Author: Donald Nijboer, illustrated by Jim Laurier and Gareth Hector
Company: Osprey Publishing
During World War II, a total of 10,500 V-1 missiles were launched against Britain, of which over 3,900 were destroyed by air and ground defenses. Overall, the attack and subsequent damage could have been much worse, for by the end of the war the Germans had manufactured close to 32,000 flying bombs. The Allied defenses put forward to guard against the V-1 included 23,000 men and women with aircraft, guns, radar, and communications networks installed on coastal sites.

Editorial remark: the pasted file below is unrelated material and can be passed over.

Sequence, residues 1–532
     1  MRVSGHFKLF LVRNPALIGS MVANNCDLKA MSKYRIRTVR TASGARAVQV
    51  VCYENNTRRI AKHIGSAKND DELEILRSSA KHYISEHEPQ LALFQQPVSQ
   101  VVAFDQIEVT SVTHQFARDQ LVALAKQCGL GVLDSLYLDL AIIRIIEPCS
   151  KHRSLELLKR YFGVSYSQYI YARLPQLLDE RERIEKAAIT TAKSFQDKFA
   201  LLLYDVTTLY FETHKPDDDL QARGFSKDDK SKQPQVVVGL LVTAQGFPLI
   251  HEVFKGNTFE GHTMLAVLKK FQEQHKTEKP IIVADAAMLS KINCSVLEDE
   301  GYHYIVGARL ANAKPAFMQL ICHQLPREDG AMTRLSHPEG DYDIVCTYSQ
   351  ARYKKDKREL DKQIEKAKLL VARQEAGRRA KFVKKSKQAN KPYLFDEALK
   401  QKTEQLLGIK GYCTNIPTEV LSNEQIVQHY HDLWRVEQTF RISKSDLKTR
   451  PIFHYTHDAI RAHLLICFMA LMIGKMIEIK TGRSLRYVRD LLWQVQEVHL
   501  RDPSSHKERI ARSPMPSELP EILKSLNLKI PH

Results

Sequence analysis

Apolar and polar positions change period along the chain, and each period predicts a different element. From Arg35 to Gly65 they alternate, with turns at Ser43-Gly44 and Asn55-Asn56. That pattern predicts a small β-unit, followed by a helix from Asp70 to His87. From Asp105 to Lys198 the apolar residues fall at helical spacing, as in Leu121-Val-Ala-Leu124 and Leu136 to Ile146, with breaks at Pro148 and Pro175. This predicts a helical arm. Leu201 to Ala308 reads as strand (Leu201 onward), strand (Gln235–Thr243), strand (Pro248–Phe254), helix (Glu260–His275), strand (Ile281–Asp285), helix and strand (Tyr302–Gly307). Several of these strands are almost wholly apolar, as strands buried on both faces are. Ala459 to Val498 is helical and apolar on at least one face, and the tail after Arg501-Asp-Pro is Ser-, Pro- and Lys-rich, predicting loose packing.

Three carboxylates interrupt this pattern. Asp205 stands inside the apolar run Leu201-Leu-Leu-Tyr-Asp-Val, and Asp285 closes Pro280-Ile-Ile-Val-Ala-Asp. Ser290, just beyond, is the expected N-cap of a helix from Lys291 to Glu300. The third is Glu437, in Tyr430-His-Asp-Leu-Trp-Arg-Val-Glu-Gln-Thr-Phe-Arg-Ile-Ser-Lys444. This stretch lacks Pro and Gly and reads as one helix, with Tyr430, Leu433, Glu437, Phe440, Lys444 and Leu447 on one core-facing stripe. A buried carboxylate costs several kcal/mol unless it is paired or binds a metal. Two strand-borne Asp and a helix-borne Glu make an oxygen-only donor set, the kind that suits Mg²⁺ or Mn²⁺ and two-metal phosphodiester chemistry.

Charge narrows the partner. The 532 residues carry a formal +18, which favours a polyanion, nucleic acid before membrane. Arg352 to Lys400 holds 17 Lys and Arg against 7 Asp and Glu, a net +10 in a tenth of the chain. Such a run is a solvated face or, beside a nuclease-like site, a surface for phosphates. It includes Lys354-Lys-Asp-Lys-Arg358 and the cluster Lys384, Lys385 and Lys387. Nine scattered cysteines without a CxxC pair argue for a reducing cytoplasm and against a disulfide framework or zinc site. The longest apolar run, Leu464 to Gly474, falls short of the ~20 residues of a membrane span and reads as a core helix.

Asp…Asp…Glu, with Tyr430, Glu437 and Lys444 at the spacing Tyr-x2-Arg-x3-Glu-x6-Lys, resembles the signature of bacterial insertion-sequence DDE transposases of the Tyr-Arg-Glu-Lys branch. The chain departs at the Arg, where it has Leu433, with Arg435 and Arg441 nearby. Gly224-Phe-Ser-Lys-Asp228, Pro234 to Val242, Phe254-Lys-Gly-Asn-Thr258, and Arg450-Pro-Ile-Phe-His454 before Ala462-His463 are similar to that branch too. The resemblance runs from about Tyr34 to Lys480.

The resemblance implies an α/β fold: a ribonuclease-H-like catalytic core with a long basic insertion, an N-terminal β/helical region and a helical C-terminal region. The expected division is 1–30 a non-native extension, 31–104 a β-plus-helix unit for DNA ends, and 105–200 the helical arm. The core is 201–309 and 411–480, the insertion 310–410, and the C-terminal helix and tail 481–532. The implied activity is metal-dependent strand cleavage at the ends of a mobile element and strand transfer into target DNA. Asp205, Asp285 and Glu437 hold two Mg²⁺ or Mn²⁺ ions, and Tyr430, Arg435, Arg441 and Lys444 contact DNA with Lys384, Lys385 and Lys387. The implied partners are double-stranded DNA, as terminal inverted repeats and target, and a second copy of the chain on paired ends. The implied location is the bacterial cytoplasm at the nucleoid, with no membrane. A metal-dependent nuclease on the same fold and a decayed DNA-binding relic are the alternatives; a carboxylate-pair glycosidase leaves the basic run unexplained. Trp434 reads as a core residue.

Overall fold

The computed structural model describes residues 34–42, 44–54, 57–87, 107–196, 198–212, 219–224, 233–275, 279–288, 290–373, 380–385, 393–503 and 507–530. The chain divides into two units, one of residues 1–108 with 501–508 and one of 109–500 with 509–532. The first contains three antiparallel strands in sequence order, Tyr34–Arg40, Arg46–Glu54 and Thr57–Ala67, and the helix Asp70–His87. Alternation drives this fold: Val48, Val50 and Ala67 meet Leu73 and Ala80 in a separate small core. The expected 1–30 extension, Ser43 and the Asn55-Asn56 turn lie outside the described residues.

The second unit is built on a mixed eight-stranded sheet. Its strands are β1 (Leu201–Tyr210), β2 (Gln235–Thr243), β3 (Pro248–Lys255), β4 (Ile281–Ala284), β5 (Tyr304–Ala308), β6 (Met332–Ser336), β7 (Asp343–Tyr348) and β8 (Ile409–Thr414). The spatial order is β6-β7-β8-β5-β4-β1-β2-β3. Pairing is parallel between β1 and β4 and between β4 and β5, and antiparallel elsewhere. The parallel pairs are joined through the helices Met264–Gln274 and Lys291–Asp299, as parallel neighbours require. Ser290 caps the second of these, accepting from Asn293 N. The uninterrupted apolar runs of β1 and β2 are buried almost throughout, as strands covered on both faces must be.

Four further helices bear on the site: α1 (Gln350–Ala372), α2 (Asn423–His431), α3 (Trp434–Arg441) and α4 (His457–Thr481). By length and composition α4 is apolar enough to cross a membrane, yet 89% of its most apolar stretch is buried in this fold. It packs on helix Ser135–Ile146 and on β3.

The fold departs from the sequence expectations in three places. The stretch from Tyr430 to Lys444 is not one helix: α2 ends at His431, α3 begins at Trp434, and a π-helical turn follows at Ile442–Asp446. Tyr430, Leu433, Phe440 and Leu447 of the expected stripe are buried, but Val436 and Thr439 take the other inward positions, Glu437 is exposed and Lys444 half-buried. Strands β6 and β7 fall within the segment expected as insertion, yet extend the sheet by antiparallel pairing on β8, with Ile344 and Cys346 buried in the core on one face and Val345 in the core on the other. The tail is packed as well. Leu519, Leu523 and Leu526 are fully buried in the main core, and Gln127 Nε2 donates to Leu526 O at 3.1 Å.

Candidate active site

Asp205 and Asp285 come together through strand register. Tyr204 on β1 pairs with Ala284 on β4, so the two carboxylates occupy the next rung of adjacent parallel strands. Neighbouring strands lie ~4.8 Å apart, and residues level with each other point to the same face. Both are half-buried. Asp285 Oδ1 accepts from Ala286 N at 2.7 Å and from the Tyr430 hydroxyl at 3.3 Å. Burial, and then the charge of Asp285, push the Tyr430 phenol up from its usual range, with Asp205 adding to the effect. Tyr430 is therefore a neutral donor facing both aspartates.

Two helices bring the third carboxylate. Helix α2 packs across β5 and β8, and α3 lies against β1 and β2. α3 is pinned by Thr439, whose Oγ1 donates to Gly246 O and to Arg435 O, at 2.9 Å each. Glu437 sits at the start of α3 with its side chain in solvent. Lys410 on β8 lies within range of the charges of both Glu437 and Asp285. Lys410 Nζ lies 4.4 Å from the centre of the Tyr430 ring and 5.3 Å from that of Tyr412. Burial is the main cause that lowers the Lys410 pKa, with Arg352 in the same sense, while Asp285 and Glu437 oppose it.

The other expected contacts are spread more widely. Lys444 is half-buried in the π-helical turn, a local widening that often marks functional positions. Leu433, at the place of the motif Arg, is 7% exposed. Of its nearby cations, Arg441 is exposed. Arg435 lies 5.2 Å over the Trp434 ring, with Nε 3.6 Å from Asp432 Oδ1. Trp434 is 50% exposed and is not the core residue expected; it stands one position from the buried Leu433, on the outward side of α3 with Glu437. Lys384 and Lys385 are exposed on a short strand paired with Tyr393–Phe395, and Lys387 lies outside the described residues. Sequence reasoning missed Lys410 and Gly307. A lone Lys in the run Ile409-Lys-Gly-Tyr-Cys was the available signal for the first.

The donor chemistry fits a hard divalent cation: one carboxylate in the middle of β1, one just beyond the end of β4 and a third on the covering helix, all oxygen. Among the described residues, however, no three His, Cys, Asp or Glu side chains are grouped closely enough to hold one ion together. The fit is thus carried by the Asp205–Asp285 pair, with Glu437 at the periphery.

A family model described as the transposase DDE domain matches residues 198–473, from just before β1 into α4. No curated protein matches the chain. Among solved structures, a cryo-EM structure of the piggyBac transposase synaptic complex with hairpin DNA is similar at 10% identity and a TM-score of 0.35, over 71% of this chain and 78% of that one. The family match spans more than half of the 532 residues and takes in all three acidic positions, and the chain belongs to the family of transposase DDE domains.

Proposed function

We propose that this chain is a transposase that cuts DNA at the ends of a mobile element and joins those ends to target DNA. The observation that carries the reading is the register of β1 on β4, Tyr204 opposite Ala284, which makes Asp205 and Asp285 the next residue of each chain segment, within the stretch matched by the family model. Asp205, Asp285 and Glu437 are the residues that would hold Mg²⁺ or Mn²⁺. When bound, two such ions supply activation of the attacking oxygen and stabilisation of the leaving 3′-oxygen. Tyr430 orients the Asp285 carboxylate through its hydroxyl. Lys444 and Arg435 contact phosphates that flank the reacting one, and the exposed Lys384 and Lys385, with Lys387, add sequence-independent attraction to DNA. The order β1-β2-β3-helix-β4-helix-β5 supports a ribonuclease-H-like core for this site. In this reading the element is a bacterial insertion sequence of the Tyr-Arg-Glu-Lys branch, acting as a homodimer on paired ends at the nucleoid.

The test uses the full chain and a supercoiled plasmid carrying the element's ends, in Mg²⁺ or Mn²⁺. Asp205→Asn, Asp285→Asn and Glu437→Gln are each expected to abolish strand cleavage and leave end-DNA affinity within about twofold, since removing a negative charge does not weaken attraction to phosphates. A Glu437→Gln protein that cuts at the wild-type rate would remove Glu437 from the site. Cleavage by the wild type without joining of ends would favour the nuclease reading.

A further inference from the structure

The average speed the V-1 was 350 mph and their average altitude was 3,000 to 4,000 ft. Fighter aircraft required excellent low altitude performance to intercept them and enough firepower to ensure that they were destroyed in the air rather than crash and detonate. Most aircraft were too slow to catch a V-1 unless they had a height advantage, allowing them to gain speed by diving on their target.